The real cost of digital overload

The real cost of digital overload

The real cost of digital overload

While technology has the potential to act as a tool for people making financial decisions, that doesn’t make it automatically helpful. Aside from the fact that tech sophistication doesn’t equate to financial savvy, the online platforms people use to manage their money might also be vulnerable to cybercrime.

And there’s also a risk of people actually becoming worse decision-makers when they use technology. As Dr Shlomo Benartzi wrote on the Wall Street Journal, people’s use of digital devices “creates a shortage of attention, which can lead to poor financial choices.”

“Not so long ago, the main scarcity was information,” said Benartzi, who is a professor and co-head of the behavioral decision-making group at UCLA Anderson School of Management. “But now we are drowning in data. What we lack, instead, is the ability to properly process it.”

Fortunately, he said, the tendencies and behaviours contributing to poor financial choices can be mitigated. For example, he referred to experiments by academicians Baba Shiv and Alexander Fedorikhin showing that people who multitask are less able to resist immediate gratification, meaning an overloaded brain is more likely to spend than save.

“[T]he complexity of financial decisions benefits from a reflective thought process,” Benartzi explained. “If you have to make major financial decisions on a screen, you should at least do it in airplane mode or ‘don’t disturb’ mode.”

Next, he cited research from Britain’s Behavioural Insights Team showing that people are considerably less likely to successfully navigate complex websites in the morning, possibly because of the chores and tasks that have to be done at that time. “[E]nsure you are making your hardest choices—especially financial ones—during the lulls in your day,” he advised.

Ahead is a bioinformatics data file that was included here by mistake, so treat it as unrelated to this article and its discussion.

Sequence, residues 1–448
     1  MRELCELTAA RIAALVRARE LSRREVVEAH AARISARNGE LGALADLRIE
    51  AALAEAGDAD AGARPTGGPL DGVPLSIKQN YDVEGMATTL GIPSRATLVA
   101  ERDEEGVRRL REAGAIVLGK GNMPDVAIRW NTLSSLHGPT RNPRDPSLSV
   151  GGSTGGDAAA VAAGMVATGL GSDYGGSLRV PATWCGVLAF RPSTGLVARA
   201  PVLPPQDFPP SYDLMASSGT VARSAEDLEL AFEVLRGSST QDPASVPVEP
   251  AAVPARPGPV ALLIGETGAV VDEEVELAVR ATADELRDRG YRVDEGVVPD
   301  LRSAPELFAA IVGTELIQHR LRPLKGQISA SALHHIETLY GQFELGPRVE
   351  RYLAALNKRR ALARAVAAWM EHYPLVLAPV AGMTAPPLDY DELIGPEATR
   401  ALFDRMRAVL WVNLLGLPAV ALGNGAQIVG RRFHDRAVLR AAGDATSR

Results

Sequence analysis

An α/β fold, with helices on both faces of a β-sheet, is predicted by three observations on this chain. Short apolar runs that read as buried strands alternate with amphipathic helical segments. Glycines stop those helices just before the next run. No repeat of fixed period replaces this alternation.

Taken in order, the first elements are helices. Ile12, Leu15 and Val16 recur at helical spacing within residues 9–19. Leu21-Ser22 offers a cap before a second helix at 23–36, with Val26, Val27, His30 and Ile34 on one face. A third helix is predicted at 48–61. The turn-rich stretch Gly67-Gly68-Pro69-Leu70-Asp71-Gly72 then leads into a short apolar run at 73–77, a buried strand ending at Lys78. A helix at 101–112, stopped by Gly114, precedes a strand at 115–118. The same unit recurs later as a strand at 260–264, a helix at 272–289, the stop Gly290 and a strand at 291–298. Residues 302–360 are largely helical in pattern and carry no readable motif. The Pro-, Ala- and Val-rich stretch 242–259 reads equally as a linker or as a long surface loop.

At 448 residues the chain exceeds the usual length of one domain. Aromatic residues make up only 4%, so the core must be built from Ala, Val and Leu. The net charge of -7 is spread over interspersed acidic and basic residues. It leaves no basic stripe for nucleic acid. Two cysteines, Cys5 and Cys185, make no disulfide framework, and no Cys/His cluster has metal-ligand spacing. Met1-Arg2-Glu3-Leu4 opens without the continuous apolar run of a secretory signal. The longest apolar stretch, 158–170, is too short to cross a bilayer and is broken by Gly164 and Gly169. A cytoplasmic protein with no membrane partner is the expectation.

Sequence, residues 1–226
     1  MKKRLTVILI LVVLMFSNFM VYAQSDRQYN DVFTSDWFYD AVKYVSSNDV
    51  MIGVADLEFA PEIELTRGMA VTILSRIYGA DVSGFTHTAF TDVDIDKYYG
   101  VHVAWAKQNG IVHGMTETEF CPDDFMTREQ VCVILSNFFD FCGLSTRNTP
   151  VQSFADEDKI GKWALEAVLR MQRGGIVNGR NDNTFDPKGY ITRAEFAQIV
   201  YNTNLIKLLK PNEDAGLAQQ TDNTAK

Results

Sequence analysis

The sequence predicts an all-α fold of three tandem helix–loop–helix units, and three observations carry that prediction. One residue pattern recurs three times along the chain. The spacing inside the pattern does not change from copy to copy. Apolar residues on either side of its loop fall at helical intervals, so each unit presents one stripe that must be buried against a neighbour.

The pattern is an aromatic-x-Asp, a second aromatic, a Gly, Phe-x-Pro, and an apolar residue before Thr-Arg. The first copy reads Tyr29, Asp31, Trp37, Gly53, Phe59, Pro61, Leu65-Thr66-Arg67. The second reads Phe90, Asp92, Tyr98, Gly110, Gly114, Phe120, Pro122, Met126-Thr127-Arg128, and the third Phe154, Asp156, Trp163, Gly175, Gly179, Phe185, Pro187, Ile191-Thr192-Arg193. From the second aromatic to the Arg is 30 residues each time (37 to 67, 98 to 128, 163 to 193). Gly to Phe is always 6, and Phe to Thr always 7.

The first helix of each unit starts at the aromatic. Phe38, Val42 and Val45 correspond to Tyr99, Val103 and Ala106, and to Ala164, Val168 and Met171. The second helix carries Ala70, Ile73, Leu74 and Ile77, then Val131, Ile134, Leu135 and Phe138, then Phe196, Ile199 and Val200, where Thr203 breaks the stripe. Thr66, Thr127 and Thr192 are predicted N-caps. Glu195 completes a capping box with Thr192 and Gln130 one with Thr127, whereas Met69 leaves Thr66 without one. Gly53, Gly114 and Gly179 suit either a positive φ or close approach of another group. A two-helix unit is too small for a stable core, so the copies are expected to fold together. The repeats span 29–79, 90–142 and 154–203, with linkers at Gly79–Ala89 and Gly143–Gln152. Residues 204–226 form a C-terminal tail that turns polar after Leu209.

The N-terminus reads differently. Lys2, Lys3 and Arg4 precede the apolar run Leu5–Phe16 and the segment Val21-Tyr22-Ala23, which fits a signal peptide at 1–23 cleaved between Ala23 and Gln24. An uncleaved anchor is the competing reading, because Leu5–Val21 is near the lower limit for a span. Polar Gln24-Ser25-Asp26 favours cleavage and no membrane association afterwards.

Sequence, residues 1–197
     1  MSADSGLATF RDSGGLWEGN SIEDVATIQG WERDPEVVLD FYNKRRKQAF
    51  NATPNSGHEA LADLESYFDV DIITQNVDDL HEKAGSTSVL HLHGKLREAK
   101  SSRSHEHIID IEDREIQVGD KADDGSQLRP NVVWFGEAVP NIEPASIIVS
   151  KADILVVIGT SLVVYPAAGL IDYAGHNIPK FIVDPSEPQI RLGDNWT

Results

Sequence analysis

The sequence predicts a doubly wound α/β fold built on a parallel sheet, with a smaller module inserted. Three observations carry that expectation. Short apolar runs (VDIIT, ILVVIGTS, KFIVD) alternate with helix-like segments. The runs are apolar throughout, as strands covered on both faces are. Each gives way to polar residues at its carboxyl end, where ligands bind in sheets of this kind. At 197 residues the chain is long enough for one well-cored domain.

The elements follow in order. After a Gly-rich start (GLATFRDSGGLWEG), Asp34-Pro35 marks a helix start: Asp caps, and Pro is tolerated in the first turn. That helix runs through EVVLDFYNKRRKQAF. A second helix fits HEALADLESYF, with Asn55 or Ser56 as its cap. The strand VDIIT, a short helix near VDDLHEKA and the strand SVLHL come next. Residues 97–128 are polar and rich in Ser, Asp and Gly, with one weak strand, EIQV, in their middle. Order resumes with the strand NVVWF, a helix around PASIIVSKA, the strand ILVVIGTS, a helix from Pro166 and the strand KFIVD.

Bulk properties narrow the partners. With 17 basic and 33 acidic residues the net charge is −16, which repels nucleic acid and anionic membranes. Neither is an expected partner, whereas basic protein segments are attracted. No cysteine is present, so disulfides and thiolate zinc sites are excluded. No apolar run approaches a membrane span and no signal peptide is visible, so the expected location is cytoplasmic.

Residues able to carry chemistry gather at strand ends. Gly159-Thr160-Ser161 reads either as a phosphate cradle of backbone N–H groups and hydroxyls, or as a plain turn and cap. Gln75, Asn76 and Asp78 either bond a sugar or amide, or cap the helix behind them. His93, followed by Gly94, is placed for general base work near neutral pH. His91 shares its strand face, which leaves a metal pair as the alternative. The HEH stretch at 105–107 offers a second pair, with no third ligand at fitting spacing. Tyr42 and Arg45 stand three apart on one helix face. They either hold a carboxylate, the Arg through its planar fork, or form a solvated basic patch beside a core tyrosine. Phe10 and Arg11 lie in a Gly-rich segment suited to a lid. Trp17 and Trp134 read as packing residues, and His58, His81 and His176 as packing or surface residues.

He also noted that people are susceptible to a “first glance” bias, where the immediately visible information — not necessarily the most important or relevant — is used as a basis for decisions. “[T]he error often leads us to focus on short-term results, as we fixate on the recent performance of a stock or investment,” Benartzi said. To combat that tendency, he said, people should ensure the time horizons on their financial websites match their own investment timelines; those with a long horizon may want to consider deleting the stock apps on their phones.

People can also free up mental bandwidth using certain smartphone tools. Aggregator apps can help consolidate information across multiple credit cards or savings accounts, making it easier to track trends and patterns in spending or saving. People who make regular, predictable bill payments or fund transfers could also consider automating those transactions.

Finally, Benartzi said, there’s mounting evidence that people tend to make bad decisions within a short distance of their phones. Research he did with a colleague, John Payne of Duke University, suggested that people who take a financial literacy test on a mobile device do worse than those taking the same test on paper. And other recent work suggests people’s cognitive capacity declines when they have their smartphone next to them — even if it isn’t turned on.

“During your next meeting, perhaps your adviser should suggest that you leave your phone behind at a ‘charging station’ with the receptionist,” he said. “That way, if you get any urgent calls, you can still be notified.”

 

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